October 24, 2007
It's not just a guy thing...
After discussing the infamous sperm donor who was so thrilled with his achievements, I was curious to find out if this type of "reproductive pride" was exclusively a male phenomenon. Unfortunately, it's not. Take a look at "Queen Bee 1993," a.k.a "the Fallopian Phenomenon" in this YouTube video.
October 22, 2007
The Open Content Alliance
The New York Times ran an article today entitled "Major Libraries rejecting deals on online books: Some Shun Tech Giants: Googe and Microsoft Offered Scanning, With Restrictions." The article stated that research libraries such as the Boston Public Library and the Smithsonian Institution have opted to sign on with the Open Content Alliance, a nonprofit which makes online books widely available. In contrast, Google, which has signed with libraries like the libraries at the University of Michigan, Harvard, Stanford, and Oxford, restricts material from other search services.
The full article is at http://www.nytimes.com/2007/10/22/technology/22library.html?_r=1&hp&oref=slogin.
The Open Content Alliance is run by a group of benefactors who cover the cost of scanning books (about $30/book), and they make the content available to all search services. For more information, their website is http://www.opencontentalliance.org/.
I think that the University of Michigan is making a grave mistake by signing with google. The goal of a library is to provide information to the public; by restricting information in the interest of commercial concerns, the library is not fulfilling its duty. Perhaps, if possible they should consider the benefits of signing with the Open Content Alliance.
October 16, 2007
Heatlh and Happiness
Our class discussion on happiness prompted me to consider what affects one's happiness. I came to the conclusion that health often has a profound impact on happiness. I decided to explore this relationship by creating several YouTube videos. Please feel free to view them at my YouTube website.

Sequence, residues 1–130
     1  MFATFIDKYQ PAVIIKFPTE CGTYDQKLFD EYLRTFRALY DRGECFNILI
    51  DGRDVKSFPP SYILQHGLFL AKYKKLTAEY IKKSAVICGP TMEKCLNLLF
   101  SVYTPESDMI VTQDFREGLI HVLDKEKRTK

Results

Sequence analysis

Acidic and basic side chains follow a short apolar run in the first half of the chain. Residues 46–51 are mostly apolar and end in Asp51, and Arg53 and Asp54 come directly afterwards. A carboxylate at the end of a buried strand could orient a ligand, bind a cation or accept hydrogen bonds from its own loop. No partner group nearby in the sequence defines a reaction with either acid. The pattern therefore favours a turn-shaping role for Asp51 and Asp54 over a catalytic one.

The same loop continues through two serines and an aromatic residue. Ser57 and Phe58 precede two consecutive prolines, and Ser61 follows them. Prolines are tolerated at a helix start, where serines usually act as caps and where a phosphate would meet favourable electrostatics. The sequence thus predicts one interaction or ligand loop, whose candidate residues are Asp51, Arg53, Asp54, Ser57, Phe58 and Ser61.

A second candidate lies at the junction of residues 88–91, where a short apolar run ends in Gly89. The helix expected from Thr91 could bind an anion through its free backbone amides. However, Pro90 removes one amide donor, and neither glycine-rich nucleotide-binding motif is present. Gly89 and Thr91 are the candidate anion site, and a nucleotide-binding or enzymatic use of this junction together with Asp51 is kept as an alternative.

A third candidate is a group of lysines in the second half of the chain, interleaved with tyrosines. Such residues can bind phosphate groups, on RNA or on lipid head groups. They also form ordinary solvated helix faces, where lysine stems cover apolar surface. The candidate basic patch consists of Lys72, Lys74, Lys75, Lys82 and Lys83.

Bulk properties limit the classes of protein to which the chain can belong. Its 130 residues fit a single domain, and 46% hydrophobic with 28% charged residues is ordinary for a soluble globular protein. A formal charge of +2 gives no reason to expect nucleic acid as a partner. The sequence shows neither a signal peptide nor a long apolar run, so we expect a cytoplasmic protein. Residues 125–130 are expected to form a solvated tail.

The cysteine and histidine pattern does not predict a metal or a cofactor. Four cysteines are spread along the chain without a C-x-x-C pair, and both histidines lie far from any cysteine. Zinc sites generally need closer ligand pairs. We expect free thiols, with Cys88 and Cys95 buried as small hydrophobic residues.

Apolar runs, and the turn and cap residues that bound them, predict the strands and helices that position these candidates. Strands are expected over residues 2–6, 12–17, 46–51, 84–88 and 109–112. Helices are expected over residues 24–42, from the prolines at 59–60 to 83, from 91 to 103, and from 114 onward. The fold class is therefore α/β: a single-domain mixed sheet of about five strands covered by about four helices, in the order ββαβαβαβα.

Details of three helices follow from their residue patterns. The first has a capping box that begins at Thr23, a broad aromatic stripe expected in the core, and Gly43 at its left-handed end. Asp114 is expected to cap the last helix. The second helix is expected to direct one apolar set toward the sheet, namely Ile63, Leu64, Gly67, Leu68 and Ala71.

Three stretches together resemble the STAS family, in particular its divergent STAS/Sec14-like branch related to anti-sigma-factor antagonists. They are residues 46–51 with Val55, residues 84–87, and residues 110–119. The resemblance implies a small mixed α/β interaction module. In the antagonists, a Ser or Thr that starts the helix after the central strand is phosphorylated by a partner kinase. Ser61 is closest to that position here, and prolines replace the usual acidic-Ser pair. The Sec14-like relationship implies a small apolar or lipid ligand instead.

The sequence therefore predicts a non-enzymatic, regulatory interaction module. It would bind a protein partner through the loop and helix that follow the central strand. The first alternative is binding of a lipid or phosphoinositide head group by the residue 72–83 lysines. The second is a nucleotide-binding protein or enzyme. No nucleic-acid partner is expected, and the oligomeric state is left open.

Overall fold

October 11, 2007
Radiohead's New Business Model
The band Radiohead is making its new album, "In Rainbows," available online for the price of...whatever the buyer wants to pay. Radiohead, who road-tested the songs from "In Rainbows" in 2006, tolerates live bootlegs, so many Radiohead fans have been listening to these songs for over a year now. However, the entire edited album is just becoming available. Since Radiohead is no selling its album under a record label, the band decided to try something new.
Given that most listeners no longer pay for music anyways (they download it online regardless of copyright infringements), Radiohead's new business model could be rvolutionary. Though some buyers will not pay a fair price for the album, avid fans may spend greater amounts simply to establish themselves as diehard Radiohead fans. Furthermore, many people realize that in order for Radiohead to continue making albums, they must have some income. In the end, Radiohead will be worth what people are willing to give them.
Though this model may end up working for Radiohead, it is largely because of the band's previous success in the traditional music market. It would be very difficult for new bands, who presumably do not yet have avid fans, to sell CDs for whatever price the buyer names. Therefore, this "pay what you like" system does not solve all of the music industry's woes. But at least some individuals in the music industry realize that they must change with the digital age in order to survive.
By the way, if you are interested in Radiohead's new album, you can buy it at http://inrainbow.com.
October 04, 2007
Myanmar is Offline
Those of you who have been following the situation in Myanmar know that political unrest and protests have dominated this small nation in recent weeks. The military government has responded by cracking down on protestors, notably peaceful monks marching in the streets.
The most recent crackdown is directed at technology: the generals running Myanmar shut down the Internet. According to the New York Times:
"Until Friday television screens and newspapers abroad were flooded with scenes of tens of thousands of red-robed monks in the streets and of chaos and violence as the junta stamped out the biggest popular uprising there in two decades. But then the images, text messages and postings stopped, shut down by generals who belatedly grasped the power of the Internet to jeopardize their crackdown."